They were all such interesting people. Rod was a bartender at Joe Muers during the day and my father in law ad exec often had the three martini lunch there and got us our first gig at the Pub. We had to play on a Thursday night to see if we could start playing on the weekends. Rod could be abrasive but they were all so kind to us. Cole sitting at the end of the bar smoking little brown cigarettes, Paul with one of the most awesome mullets ever. They would get so pissed if they found out you were playing Paychecks or Lili’s the same month you played there.Great memories of that time.Sad to hear about Paul I believe he was homeless before he tended bar there. So tragic.They had a soft spot for us for some reason.It was one of our favorite places to hang.

  7. Bill L

    May 3, 2014 at 7:32 am

    RIP Rod and Cole and the Pub! Beloved by all. I played uncountable gigs there as a drummer with Static Alphabet. Saddened by the loss but no regrets! Hope that we as a community in and around the ‘D’ continue to rise above our troubles and stand side by side, much like we did trying to get that last beer at last call at the pub!

  8. Steve smolinski

    May 3, 2014 at 8:15 am

    Enjoyed reading a piece of the history.

  9. Lenny Grassa

    May 3, 2014 at 9:05 am

    This was one of the great hangs in Detroit during that era. I spent many nights there with my best friends. If we weren’t playing we were watching Snakeout, The 3D Invisibles or the Hysteric Narcotics! And always sitting at the bar talking with Rod, Cole & Paul. At times Rod could be a little cantankerous but later that night you’d be having a drink with him!

    Cheers to the three of them!

    Lenny / The Leonards

  10. Bob

    May 3, 2014 at 10:27 am

    Rod, Cole and Paul were always great to us, and the Pub was a fantastic place to play. We started there on a Thursday “try-out” jam/showcase night and ended up in regular rotation there in the early 90’s. So many fun times. Sad that there is one less place for young bands to get their start.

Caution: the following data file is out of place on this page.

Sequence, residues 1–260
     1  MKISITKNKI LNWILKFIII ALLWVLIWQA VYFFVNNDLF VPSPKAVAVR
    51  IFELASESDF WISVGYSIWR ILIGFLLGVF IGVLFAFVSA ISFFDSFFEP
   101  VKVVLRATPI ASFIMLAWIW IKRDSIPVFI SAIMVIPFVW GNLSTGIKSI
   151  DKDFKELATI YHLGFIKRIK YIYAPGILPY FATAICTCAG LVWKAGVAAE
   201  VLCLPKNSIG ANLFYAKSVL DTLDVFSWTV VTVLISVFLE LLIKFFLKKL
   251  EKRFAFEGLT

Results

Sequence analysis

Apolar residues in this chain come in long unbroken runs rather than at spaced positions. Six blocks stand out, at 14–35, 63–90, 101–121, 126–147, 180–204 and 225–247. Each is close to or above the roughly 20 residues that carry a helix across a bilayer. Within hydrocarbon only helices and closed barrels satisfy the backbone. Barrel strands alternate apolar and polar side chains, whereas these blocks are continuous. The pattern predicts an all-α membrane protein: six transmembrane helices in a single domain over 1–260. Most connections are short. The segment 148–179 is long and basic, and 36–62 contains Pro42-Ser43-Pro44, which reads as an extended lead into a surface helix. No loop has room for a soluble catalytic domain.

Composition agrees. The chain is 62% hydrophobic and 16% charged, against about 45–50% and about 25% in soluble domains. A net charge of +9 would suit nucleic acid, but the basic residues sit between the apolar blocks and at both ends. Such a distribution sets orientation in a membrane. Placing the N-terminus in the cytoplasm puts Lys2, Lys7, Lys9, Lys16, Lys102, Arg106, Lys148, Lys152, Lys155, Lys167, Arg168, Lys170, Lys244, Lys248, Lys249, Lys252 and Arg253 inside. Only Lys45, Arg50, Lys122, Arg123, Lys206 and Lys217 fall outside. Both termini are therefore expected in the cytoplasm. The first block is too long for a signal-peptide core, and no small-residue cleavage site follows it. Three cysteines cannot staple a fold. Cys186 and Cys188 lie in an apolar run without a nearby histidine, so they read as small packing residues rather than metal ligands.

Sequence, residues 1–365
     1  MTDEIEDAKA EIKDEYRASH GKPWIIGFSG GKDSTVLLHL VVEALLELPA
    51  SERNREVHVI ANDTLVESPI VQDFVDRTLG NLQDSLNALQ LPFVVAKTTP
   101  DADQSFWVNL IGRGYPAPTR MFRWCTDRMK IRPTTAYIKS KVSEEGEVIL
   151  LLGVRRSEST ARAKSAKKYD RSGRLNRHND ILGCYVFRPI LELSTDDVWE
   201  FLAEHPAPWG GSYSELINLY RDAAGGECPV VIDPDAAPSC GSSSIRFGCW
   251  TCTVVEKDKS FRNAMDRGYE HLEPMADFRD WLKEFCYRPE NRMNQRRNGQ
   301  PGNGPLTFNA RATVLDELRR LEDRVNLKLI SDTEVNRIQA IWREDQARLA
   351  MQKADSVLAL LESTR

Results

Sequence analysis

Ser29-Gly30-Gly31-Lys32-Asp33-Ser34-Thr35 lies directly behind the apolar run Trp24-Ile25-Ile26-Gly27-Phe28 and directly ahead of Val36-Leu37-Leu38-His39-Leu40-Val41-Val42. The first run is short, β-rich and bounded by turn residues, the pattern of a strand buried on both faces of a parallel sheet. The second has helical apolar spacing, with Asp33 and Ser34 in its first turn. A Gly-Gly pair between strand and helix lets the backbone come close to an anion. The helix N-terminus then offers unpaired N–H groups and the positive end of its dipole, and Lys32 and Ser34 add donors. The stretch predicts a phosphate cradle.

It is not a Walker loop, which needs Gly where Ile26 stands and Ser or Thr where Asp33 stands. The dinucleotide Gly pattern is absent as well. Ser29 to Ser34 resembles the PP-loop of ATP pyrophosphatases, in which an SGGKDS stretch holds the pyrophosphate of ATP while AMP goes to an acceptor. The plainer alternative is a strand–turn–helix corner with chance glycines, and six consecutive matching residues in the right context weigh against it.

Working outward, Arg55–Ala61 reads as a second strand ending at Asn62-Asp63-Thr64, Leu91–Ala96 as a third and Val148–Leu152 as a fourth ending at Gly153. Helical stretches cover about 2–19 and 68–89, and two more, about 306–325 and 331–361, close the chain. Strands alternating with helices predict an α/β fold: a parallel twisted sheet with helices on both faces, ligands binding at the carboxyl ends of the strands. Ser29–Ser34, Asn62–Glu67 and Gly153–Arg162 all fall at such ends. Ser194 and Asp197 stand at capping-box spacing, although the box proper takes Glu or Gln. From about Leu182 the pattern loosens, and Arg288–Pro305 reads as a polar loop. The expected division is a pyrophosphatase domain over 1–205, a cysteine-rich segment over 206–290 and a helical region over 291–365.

RIP guys, and thanks for the memories.

    Bob (drummer – Obnoxatones)

  11. Sherry G

    May 6, 2014 at 2:37 pm

    Many great times at the Pub…when it was both open and closed. Those boys always welcomed us in whenever we showed up. I remember them visiting me when I was in the hospital and it was the first time I had seen them in the light of day! I know Cole passed from cancer, but I am unsure of what happened to Rod…does anyone know? I think Paul is homeless again. Makes me sad… Good times past. Bless you boys of the Hamtramck Pub!

  12. Sherry G

    May 9, 2014 at 2:57 pm

    Someone told me Paul passed a few months ago. It’s so sad.

  13. Michael C.

    June 20, 2014 at 8:43 am

    My band The Chapter started playing at The Pub in 1991. Rod and Paul booked our first live gig ever. We were so excited to finally get a gig!! One night, I left my $800 bass guitar at the bar. I was sick over leaving it. I called the next day and Paul said, “oh yea, we got it.” Talk about honest good guys. Thanks for the cool article. I can’t believe those guys are gone.

  14. Gary

    April 26, 2015 at 6:43 pm

    My band at the time, Tanjent Image played some of our first shows there ever. We started opening up for Beer on a Penguin, Second Self, and played many other shows with Room 100, Funhouse, Jugglers and Thieves, etc. They were fun times indeed, and Rod and Cole always encouraged new area talent. Cheers to you Rod and Cole, and all of the other people who have shared many fond memories there.